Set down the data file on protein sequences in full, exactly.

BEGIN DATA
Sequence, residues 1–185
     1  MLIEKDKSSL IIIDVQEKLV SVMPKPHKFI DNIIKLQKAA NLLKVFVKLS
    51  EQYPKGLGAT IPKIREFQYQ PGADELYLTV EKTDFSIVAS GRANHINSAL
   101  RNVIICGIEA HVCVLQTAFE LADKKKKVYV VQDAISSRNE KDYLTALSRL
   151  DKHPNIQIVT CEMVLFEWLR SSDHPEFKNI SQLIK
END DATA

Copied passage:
Sequence, residues 1–185
     1  MLIEKDKSSL IIIDVQEKLV SVMPKPHKFI DNIIKLQKAA NLLKVFVKLS
    51  EQYPKGLGAT IPKIREFQYQ PGADELYLTV EKTDFSIVAS GRANHINSAL
   101  RNVIICGIEA HVCVLQTAFE LADKKKKVYV VQDAISSRNE KDYLTALSRL
   151  DKHPNIQIVT CEMVLFEWLR SSDHPEFKNI SQLIK